How to Let Go of Jealousy

Jealousy comes from wanting something you think someone else has and you don’t.

Jealousy Is a Stressful Experience

Jealousy is the opposite of contentment. And it is very personal. Not only do I want what the other person has, but the fact that I don’t have it means that I’m a lesser person. Jealousy is really a kind of self-attack. 

And it is also blind to what I do have. It’s obsessive. Only what the other person has will do. Only when I get it will I be happy.

This Happens a lot in Relationships

If I want my partner’s love and attention, and he gives it to someone else, I may feel jealous. I don’t want the other person to have it. I want it all for myself. This is very stressful because, even though I know I shouldn’t feel jealous, I still do. It comes up like an obsession and takes over.

The same is true of jealousy of position, name and fame, money, status in society, etc. It’s easy to understand that jealousy is a destructive emotion, but like a drug addiction, it’s not always easy to quit.

In Fact, I Would Argue that you Can’t Let Go of Jealousy

Just like you can’t just “be peaceful.”

The mind doesn’t work that way. The mind is jealous because on a gut level I’m confused (even if I understand how destructive jealousy is). Until that confusion is first of all heard and listened to, and then patiently examined objectively, it will continue in the face of any attempt to stop it.

Letting go of jealousy is not something you do. It is something that happens when you hold your jealousy tenderly in your arms and listen to it with understanding and compassion. You must converse with your jealousy, listen to its arguments, and invite it to consider different points of view.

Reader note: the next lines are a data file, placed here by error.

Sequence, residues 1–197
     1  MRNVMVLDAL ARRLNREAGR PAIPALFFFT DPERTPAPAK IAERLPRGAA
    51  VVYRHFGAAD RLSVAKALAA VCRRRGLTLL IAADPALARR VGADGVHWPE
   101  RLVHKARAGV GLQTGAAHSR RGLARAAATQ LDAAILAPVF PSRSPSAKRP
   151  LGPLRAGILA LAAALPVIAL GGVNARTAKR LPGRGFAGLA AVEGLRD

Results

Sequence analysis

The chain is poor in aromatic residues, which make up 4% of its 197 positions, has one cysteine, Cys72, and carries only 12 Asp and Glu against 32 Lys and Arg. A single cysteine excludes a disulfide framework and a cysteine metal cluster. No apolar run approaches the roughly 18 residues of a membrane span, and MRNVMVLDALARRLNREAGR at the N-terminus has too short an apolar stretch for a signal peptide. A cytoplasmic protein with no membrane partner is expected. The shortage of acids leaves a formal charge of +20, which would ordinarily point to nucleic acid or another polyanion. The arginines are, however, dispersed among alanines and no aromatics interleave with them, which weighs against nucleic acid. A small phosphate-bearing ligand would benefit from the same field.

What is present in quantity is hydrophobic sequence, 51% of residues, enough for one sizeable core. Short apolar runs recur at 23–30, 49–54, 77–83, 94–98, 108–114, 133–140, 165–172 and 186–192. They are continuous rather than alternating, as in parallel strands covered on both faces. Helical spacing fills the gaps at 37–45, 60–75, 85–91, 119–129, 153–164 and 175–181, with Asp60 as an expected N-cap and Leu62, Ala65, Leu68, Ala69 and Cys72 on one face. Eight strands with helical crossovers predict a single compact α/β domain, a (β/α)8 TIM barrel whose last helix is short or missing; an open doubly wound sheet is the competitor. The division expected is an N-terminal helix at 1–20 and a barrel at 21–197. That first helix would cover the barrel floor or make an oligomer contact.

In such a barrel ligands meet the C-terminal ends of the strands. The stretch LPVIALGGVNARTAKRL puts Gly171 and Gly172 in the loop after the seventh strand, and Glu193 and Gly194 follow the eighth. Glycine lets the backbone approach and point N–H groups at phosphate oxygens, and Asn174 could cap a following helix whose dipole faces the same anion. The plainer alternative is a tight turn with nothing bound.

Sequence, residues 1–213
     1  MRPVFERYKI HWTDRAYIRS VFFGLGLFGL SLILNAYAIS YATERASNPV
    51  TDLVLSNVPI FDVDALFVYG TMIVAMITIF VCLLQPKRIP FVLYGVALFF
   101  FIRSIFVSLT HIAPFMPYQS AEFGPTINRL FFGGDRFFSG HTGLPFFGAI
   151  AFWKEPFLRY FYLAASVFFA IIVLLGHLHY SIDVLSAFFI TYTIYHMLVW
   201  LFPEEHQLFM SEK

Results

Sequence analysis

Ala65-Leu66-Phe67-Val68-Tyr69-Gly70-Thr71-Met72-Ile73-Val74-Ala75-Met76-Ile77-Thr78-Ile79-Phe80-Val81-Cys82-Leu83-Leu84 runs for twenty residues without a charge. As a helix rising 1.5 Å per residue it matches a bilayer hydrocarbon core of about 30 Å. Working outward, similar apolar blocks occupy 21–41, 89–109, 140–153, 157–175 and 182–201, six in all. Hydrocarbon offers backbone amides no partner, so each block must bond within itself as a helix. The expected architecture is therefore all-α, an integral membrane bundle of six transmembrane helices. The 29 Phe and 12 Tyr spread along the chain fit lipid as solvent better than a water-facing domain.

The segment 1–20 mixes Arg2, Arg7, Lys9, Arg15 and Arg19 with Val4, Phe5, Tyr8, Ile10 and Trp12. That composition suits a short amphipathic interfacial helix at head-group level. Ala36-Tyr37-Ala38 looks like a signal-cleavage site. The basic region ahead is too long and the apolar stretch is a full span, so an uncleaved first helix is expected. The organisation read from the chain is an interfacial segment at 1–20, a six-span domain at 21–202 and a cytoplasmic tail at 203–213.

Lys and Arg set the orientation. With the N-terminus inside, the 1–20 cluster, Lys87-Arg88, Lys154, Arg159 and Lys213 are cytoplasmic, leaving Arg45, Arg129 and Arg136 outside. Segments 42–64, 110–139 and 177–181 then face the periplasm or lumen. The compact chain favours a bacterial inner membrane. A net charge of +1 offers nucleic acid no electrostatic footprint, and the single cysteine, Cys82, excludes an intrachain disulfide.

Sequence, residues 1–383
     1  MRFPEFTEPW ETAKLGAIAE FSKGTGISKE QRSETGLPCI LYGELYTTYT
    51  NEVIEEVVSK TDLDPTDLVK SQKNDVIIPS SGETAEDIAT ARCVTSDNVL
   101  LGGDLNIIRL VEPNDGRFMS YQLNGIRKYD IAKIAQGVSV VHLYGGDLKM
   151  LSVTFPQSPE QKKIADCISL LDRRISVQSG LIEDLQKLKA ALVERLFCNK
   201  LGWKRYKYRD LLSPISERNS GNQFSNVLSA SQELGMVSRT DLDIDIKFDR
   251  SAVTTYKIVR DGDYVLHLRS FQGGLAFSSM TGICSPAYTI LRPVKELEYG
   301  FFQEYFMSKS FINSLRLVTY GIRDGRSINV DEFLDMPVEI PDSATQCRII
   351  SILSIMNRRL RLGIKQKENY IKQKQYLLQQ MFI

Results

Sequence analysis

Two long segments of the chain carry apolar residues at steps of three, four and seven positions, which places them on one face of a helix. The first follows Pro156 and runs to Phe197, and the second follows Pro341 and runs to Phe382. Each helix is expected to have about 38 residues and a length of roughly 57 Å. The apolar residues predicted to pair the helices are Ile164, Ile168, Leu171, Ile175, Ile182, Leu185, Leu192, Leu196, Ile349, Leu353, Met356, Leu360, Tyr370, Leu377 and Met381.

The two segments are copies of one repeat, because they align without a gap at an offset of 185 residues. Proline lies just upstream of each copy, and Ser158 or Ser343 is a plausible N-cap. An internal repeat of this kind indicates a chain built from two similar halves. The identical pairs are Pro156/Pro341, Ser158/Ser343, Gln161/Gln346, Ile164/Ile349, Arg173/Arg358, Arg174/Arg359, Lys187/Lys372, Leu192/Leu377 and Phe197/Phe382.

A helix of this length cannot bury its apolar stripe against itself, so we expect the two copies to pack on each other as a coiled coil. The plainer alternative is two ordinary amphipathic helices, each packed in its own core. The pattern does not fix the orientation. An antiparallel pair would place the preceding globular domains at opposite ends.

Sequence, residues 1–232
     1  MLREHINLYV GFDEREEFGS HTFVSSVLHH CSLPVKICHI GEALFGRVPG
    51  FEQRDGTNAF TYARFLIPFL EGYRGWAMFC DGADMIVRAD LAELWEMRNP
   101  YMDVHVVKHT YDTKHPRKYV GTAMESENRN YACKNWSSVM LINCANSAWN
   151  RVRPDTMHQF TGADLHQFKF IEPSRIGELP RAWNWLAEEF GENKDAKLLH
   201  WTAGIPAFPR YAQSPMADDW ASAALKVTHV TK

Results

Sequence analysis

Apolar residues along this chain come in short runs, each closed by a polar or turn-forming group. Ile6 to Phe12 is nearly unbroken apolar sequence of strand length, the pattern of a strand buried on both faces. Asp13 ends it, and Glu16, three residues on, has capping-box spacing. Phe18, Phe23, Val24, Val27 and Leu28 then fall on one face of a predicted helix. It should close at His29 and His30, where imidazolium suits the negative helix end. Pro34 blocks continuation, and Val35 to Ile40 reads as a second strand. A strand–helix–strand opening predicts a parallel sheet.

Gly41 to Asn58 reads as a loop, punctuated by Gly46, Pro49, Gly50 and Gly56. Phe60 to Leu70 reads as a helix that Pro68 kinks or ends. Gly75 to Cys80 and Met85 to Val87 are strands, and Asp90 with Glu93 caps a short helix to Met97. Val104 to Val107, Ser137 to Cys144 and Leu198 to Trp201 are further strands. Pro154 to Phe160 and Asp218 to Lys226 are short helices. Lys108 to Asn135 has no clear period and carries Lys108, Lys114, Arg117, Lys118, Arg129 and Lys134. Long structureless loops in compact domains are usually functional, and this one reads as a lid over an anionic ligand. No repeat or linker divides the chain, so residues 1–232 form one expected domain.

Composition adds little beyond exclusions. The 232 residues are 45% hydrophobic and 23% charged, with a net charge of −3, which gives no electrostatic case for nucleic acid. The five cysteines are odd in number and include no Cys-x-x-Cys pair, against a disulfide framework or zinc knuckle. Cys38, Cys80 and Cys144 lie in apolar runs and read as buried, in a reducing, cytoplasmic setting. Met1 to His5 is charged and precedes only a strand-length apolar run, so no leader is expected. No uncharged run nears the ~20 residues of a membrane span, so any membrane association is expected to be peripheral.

I like to treat my jealousy with respect, and support it to find a way to see through its own stories. Only jealousy can undo jealousy. All I can do is invite it to look again. If jealousy sees the light itself, then it lets go of me. I can never use force in this process.

The Work of Byron Katie Can Help

The Work of Byron Katie (The Work) is a simple form of inquiry that is a perfect match for jealousy. It consists of allowing the jealous mind to write down the jealous thoughts and let them be heard without judgment. This is such an important step: to allow the stuck mind to just be heard and understood.

And then The Work presents some simple, experiential questions to the jealous mind. The Work is a way for the stuck mind to question what it thinks. So if the mind is full of jealousy, The Work provides a way for the mind to question its jealous thoughts, one by one. 

As the story unravels through inquiry, the jealous mind itself starts to see things differently. And jealousy loosens and often falls away. With this work, you never know how long it will take. It’s never up to me. It’s up to jealousy.

If my jealousy truly sees a more peaceful way to be, it will usually choose it on its own. But it cannot be forced. My only job is to keep listening, keep questioning, and keep testing what I’m finding as I do this work. In time, it is the truth becomes clearer deep inside. And that is what sets me free.

How to do The Work on Jealousy

Here’s how I use the four questions and turnarounds of The Work on jealousy.